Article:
8. Dear Kerry, ! I just ordered the pattern ‘friends of Baltimore’ by Sue Garman. I read all your blogs back till 2013 or was it 2012? I don’t remember. It is so reassuring to read how you tackle some difficulties with this extraordinary beautiful quilt. I’ve put your name with my favorites so when I want to know something, I just have to look! Thank you so much for all this explaining you did!
    By the way, my name is Auckje van der Leij and I am from the Netherlands. I was glad to see you handquilting as most of us here do. The majority of the American ladies, do they machinequilt? I always think it is interesting why one country does it one way and another country the other way.
    I`ll keep following you on your progress but you have nearly finished! And it turns out so, so beautifully! Please leave your posts a bit longer! Kindest regards, Auckje van der Leij

    • Hi Aukje:
      Thanks for the wonderful comment! Yes, I do love to handquilt. I love the process of handquilting, although I do send some of my quilts off to be machine quilted.
      Don’t worry about me almost being finished Friends of Baltimore. There is still lots to do. In fact, you will find the next part very interesting. The borders are joined by corner blocks. A very cool way to join the borders together!

  9. I am pretty darn sure you do not sleep! your workmanship is amazing and the complicated quilts you have completed are a testament to your skill.

  10. Lovely, lovely tips and photos. I am enjoying your blog greatly! I just ordered Friends of Baltimore and have Ladies of the Sea (had it but am in the middle of so many other projects that I haven’t started it yet). I am wanting to try your starch method but don’t want to start with something quite so complicated yet. I just want to clarify, you reverse the pattern on the computer, print it onto freezer paper and iron cut pieces to the back of your fabric before starching? Do some of your pieces need to be drawn since they are cut in parts if covered by another applique piece? Just wondering. I saw that Sue has the freezer paper for Friends of Baltimore and am trying to justify the expense to save time and am curious about your method. Thanks in advance! Beautiful work and will keep visiting often. BTW, am in the middle of the Night Before Christmas (also Sue’s) and a couple of other applique patterns so, like you, I work on several at one time.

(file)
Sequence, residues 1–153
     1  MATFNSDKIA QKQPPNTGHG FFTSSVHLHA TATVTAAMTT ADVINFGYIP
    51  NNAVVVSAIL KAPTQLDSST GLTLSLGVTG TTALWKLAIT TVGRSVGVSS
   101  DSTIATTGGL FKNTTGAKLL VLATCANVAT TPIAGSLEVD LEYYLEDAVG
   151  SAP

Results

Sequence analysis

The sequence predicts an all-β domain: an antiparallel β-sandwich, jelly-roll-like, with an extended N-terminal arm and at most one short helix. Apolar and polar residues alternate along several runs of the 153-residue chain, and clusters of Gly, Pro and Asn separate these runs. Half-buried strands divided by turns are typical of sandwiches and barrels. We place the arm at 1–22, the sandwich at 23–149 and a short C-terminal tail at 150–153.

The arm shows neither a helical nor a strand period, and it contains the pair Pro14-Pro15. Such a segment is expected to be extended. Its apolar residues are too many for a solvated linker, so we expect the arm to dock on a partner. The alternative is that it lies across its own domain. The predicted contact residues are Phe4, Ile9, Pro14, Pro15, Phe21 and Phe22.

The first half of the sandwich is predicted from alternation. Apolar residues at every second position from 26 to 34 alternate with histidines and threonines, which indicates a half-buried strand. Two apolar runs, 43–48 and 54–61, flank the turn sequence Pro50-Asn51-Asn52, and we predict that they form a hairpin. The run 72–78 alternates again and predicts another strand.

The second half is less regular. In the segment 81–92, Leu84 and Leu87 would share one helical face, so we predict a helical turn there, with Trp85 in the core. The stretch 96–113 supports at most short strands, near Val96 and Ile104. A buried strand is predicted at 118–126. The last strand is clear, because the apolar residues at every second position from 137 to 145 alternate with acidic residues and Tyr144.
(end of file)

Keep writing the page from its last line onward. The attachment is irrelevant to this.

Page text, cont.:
11. Beautiful as always. I’m interested in learning why you wash each section as you go instead of waiting until the quilt is finished. Thank you for sharing your wonderful talents.

    • Thanks for the comment. I like to wash one block at a time for a few reasons. It is a lot easier to lay a block out on a towel to dry, than finding a place to put an entire wet quilt. I also think it’s easier to cope with problems (like fabrics running) and cope with them in a single block, rather than an entire quilt. Someone asked the same question. It’s a really good question!

  12. As to your question on a pattern that is not in reverse, you can give your printer an order to print in reverse and if that is not working, scan your pattern and print this reverse(ly?) on freezerpaper. That’s what I do. Love your blog and I will be so brave to wash my first vase with flowers. I am scared stiff! Kindest regards, Auckje van der Leij